What’s the Future of Local Restaurants?

Below is an excerpt from a recent article from New Hampshire Magazine about the Red Arrow Diner. Click here to read the full article on New Hampshire Magazine’s website. To view this excerpt as a PDF, please click here.

Carol Lawrence is one of three owners of another New Hampshire minichain, the Red Arrow Diner, which was bold enough to open a new location during the pandemic. “It was extremely challenging,” she tells me. The Nashua diner opened a few months later than the planned spring date in a way that was informed by lessons learned in the other three locations. “We just found out what was required and did whatever we needed to do to conform,” says Lawrence.

All Red Arrow restaurants are usually open 24 hours, but at the moment only Manchester is functioning around the clock all week long. The reason is a staff shortage. “Many employees prefer to collect unemployment,” Lawrence says. “This is just beginning to change. I say ‘kudos’ to our loyal Red Arrow family who stuck with us and kept on working.”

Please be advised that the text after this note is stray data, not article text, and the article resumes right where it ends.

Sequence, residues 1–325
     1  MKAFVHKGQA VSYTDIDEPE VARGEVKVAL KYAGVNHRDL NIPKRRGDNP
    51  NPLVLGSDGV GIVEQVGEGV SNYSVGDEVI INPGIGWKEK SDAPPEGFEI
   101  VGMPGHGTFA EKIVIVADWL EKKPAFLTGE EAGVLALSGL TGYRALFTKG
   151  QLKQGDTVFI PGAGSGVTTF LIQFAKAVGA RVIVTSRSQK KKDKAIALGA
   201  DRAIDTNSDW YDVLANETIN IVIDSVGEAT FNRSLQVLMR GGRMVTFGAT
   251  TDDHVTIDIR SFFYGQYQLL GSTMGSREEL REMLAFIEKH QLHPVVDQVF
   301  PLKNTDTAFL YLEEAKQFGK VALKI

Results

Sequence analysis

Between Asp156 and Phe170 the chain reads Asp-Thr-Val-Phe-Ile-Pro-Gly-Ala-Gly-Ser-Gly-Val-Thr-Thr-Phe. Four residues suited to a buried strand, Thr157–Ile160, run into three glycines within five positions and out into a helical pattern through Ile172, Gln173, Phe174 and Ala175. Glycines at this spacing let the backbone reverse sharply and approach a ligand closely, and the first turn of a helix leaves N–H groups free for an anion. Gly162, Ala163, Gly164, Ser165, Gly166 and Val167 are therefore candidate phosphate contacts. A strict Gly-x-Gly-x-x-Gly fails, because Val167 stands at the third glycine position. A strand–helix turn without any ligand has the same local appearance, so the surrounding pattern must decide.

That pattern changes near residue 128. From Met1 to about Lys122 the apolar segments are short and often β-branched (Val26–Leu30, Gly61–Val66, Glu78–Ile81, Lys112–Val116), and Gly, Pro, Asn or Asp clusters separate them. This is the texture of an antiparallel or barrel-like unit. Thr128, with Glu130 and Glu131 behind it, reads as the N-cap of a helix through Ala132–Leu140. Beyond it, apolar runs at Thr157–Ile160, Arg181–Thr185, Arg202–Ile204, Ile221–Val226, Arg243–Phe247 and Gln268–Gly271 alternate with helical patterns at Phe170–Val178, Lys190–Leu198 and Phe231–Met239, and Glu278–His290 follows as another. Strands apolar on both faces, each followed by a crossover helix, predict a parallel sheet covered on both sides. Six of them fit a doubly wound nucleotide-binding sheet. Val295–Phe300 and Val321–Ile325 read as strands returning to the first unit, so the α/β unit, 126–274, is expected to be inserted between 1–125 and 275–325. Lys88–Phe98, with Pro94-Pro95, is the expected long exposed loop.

Fortunately, the business has discovered new revenue streams likely to persist beyond COVID-19. “Online ordering has been off the wall. We need an employee just to answer the phones in all our locations,” Lawrence says. Outside seating will also likely become a permanent seasonal fixture.

Thanks to this diversification, things have been going pretty well. Lawrence estimates total sales in Manchester are up by 8-9% over last year, while Londonderry sales are slightly down, and Concord is about the same.

If she could go back to March and talk to herself as she was then, Lawrence says she would tell herself “to have more faith day to day. I’d say, ‘Be more confident in yourselves. Be more positive.’ I’d say, ‘You know, we got used to masks. It’s actually OK.’”

She admits that she’s nervous about winter, but ends with a sober statement of fact: “Lots of restaurants have closed. Things happen in the world.”